Sunday, November 23, 2014

Pattern Recognition (Blue Ant #1), by William Gibson

The only other work of William Gibson I'd read before this was the Sprawl books, which were futuristic & cyberpunky & just really not my thing at all. Any time I mentioned this, people were like, "Yeah, that's just William Gibson." So I probably wouldn't have picked up another of his books except that Pattern Recognition kept appearing over and over on all kinds of "Best-of" lists from the 2000s.

FIRST: It is nothing like the Sprawl books. NOTHING. Not futuristic or cyberpunky at all. I mean people use email and web forums & what have you, but I think there is only one technological thing that might be sort of speculative, and if someone who works in that field were to tell me, "Nope, we can totally do that," I would believe them. In fact, being set in 2002, it actually comes across as a little dated, technology-wise.

SECOND: I've seen it described in some places as a thriller, which to me just don't scan. In fact it actually felt fairly slow in places. Yes, there is tension & a bit of international intrigue here & there, but those bits are interspersed with plenty of contemplation, philosophy, & inner monologue. Definitely not a fast-paced, action-packed adventure novel.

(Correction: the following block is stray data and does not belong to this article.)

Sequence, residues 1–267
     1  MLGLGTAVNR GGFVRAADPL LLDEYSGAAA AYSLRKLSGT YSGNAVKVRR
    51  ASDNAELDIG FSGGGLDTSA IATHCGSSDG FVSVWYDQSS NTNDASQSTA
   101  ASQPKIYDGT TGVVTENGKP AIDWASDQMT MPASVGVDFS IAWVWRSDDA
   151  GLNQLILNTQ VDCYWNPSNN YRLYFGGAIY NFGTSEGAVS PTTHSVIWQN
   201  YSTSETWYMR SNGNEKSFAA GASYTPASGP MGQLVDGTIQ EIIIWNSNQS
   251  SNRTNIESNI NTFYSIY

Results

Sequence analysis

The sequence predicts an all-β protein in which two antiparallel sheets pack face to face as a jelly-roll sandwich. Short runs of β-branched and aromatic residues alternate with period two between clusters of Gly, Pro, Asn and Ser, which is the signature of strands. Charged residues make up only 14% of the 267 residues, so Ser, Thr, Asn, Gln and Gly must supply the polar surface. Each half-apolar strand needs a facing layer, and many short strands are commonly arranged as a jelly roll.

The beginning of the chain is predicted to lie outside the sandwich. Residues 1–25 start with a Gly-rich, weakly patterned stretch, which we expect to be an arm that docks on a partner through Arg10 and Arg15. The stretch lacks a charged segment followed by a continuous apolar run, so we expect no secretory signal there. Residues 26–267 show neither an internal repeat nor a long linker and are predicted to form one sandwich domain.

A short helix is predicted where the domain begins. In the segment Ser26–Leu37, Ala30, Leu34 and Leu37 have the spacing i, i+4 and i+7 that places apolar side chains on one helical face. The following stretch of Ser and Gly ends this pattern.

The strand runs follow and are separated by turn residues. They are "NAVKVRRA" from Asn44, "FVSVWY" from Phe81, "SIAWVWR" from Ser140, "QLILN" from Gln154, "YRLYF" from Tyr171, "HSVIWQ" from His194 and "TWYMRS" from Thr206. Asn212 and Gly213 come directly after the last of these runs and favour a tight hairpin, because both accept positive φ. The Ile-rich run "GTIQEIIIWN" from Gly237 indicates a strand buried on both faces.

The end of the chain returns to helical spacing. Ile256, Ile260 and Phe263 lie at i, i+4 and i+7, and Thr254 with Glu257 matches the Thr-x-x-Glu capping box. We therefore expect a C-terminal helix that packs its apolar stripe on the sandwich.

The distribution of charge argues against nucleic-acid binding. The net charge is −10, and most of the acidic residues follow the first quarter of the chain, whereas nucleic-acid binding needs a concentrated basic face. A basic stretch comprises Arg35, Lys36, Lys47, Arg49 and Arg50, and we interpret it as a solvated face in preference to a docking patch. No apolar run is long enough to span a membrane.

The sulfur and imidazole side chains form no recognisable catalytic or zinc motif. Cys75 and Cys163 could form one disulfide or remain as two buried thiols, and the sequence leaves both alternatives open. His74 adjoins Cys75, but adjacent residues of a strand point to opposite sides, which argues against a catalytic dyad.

THIRD: What it does have is a lot of very subtle, delicately-woven-together existential themes, including the relationship between art and commercialism, the relationship between the past/present/future, how the idea of "the future" becomes less and less meaningful as the world changes so fast that we're able to make accurate predictions about it less and less farther out, and of course, to what extent looking for patterns--in art, life, history--is possible and/or ultimately useful.

So yeah. If you're looking for a fast-paced, bleeding edge, super-exciting sci-fi thriller, this is probably not your book. But it's well-written and I liked most of the characters, so if you're into big, deep existential questions & clever handling of subtle thematic elements, you could do worse.

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